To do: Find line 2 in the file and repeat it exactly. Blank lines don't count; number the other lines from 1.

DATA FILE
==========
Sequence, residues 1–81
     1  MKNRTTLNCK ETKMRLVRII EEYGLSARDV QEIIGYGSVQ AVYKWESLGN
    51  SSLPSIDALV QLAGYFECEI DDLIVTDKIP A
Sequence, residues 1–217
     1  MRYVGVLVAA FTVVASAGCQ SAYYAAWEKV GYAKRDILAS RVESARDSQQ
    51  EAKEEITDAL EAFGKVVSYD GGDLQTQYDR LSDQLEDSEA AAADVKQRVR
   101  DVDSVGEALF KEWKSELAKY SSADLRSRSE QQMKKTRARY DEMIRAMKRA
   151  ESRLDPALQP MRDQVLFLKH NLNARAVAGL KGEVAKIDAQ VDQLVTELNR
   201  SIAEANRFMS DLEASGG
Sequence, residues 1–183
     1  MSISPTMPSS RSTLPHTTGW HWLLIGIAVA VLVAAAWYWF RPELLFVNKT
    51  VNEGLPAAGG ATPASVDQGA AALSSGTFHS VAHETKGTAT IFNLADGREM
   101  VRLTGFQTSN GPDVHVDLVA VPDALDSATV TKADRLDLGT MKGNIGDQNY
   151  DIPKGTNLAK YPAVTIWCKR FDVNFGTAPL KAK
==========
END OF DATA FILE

     1  MKNRTTLNCK ETKMRLVRII EEYGLSARDV QEIIGYGSVQ AVYKWESLGN